Back to the exhibition in İstanbul, what strikes me the most is that in one day more than 500 people (who came to know about the exhibition through social media) came to visit a building that they never even knew existed.

Haydarpaşa Train Station is one of the essential parts of İstanbul’s silhouette with its almost 120 years of history and its architectural heritage. However, most of the inhabitants (myself included), didn’t know that Haydarpaşa indeed harbours several other historical buildings. One of them, the exhibition’s space was built between circa 1903-1908 by Mimar Kemaleddin, a prominent architect of the early 20th century Turkey. First thought to be a guest house for immigrants and then to have been used by the veterinary students, the building finally became the place where railway workers’ uniforms began to be manufactured in 1956.[1]

From the window. Haydarpaşa, İstanbul. ©Uğur Taner, 2016

By the window. Haydarpaşa, İstanbul. ©Uğur Taner, 2016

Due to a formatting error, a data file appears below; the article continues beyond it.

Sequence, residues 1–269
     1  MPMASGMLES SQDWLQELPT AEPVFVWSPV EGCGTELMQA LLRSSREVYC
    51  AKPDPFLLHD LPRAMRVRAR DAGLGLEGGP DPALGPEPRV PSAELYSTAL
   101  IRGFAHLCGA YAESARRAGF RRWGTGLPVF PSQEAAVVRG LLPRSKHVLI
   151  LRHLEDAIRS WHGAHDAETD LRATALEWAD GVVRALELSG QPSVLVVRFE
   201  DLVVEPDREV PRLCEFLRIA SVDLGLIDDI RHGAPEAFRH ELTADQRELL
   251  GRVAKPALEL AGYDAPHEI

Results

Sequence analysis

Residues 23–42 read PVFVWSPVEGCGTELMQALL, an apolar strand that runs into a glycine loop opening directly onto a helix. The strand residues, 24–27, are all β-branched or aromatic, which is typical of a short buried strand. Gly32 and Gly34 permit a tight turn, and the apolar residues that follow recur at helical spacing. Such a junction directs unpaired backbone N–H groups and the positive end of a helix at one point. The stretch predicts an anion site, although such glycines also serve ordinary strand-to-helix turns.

So, I hit the road without knowing any of this beforehand, merely excited by the idea that I could wander around inside an abandoned historical building. I reached the place by crossing the railway tracks as Haydarpaşa Train Station was closed 3 years ago. Approaching the building, I notice that the city’s sounds seem quite far away here. A minute later, I met the exhibition crowd and then Hüseyin Tekin, Haydarpaşa complex’s security chief of staff. He tells me that he put on this uniform for the very first time there in 1983, on the 18th of March. I grow even more excited having met an “insider”. We continued talking and I learned that until the second half of the 90s, the building kept functioning as it was and later for two years or so, it housed about 70-80 railway workers who were single and new to İstanbul. It began to deteriorate after around 2000 only as there was nobody left to take care of it and therefore no life in it.

Exhibition visitors, first floor. Haydarpaşa, İstanbul. ©Uğur Taner, 2016

Exhibition visitors, first floor. Haydarpaşa, İstanbul. ©Uğur Taner, 2016